Plarn-ing Ahead

Plarn is the new yarn (or wool, as us Brits call it.) It’s name comes from combining the words ‘plastic’ and ‘yarn.’ Plarn is made up from folded and shredded plastic bags which are then rolled into a ball and is used as a replacement yarn. It is then crocheted into various items. I’ve seen bags, (like the above) necklaces, ear rings, koozies, cuffs, scourers, coasters and even headbands made from plarn. (Top image: Arny’s Etsy)

Yep, I said necklaces made from plarn. This was one of my favourites from the Arny shop, but if you wanted something a little more low key and less chunky you could opt for something like this:

The Arny shop strapline is; “Giving Earth a second chance.” And after a recent de-clutter and purge of my un-used “stuff” I came across Plastic Bag Mountain in our kitchen.

We have a huge collection of plastic bags and here’s why; we don’t drive otherwise we’d invest in some strong milk cartons which would carry our groceries home, so every time we hit the store, we (read: my husband) forget to pack our ‘Bags For Life’ (a cotton bag that the stores have taken to sell near the cash registers in order to encourage customers to opt out of using plastic bags.) So more plastic bags are used, collected, stored in the tiny kitchen we have and generally they get forgotten about.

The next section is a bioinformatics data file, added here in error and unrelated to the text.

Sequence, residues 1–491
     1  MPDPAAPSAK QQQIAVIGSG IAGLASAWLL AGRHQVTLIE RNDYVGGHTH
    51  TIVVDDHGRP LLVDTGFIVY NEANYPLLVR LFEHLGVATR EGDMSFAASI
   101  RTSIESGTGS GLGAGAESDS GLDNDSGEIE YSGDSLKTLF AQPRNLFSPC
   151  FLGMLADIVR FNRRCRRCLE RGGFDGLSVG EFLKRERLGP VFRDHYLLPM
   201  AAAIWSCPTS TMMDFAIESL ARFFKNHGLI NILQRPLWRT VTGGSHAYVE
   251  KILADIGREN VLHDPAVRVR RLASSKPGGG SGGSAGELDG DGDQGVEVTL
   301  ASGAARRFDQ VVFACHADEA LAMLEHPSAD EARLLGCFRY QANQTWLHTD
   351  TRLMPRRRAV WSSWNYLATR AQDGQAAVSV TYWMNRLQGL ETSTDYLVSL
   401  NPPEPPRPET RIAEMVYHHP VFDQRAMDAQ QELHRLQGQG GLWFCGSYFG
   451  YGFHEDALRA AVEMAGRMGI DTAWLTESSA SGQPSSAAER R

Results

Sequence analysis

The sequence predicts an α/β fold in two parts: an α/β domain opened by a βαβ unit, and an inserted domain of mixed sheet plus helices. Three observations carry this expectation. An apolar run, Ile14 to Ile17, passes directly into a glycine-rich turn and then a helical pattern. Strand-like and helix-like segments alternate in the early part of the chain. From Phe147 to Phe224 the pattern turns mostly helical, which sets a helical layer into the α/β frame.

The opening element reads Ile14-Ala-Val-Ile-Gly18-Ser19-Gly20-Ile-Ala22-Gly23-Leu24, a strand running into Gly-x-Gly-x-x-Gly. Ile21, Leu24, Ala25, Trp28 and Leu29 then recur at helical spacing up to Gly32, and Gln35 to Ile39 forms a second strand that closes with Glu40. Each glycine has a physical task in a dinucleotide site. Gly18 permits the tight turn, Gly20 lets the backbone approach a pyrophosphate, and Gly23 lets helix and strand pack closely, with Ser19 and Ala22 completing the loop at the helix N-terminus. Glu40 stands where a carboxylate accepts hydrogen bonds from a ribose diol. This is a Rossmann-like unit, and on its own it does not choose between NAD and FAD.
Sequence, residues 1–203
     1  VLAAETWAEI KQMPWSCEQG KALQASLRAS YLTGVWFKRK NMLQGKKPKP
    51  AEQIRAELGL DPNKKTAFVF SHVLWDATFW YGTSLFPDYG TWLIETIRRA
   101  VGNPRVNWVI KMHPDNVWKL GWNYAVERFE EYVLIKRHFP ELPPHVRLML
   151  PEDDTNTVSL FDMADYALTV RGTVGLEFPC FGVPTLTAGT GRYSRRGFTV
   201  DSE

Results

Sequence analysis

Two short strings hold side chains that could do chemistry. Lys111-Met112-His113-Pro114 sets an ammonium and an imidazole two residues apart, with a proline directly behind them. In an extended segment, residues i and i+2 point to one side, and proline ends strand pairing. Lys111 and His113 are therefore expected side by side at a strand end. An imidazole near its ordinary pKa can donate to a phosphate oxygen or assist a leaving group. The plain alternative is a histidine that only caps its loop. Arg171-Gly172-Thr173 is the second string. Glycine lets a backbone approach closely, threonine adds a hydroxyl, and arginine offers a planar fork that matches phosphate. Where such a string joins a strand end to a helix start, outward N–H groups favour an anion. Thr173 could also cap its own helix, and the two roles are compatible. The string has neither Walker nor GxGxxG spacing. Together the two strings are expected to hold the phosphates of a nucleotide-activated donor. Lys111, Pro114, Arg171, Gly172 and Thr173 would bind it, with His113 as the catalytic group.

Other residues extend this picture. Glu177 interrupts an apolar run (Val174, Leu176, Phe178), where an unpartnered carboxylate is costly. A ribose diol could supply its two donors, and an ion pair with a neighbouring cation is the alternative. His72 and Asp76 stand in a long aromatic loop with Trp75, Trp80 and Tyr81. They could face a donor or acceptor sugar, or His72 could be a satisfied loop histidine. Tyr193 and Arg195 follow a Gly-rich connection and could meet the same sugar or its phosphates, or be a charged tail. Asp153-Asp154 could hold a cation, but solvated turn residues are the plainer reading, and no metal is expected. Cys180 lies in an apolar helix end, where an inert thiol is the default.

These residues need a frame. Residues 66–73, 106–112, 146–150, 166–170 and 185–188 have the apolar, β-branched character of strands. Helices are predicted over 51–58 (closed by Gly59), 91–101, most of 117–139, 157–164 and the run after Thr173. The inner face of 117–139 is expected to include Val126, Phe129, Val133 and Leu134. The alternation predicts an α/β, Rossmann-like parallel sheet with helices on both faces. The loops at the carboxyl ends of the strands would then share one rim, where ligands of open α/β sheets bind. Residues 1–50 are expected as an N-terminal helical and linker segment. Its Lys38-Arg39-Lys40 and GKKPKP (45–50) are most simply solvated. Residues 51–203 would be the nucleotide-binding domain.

I have heard it takes 1,000 years for a plastic bag to break down in a landfill site. Bearing this in mind, I wanted to check this out for myself. There are conflicting studies; some studies suggest that it takes between 10-20 years to break down (The New York Times, Nemve E. Metropolitan Diary, October 1, 2001) and Ohio State University telling us that by adding moisture to a landfill site that it will speed up the decomposition process.

Either way, plastic bags are becoming a growing problem; clogging up drains, being a general eyesore and have even more serious fatal consequences when wildlife mistake plastic bags for food.

In the UK our supermarkets have started to charge it’s customers per bag when they opt for plastic as a way to bring down the usage of plastic bags.

So while I still have Plastic Bag Mountain I will opt to learn to crochet, make plarn and try my hand at plarning myself some necklaces for next Christmas. And thanks to eHow and their step by step “how to” on making plarn I can make my own ball of plarn.

  • Handknit Hugs
  • Rainbow Crochet Toasties
  • Twirly Fabulous Upcycled Sweater Skirts
  • Aisles and aisles of tiny boxes
  • Crescent Maille
  • Illustrations by Alli Coate
  • G Street Fabrics
  • Woolly Fabulous

Comments

  1. Jeannette Scott says

    This weeks Womans Weekly has instruction on how to make a draw-string holder for your carrier/plastic bags.
    I know you can make Christmas Wreaths with plastic bags as long as they’re green/red.They look terrific.

Leave a Reply

Your email address will not be published. Required fields are marked *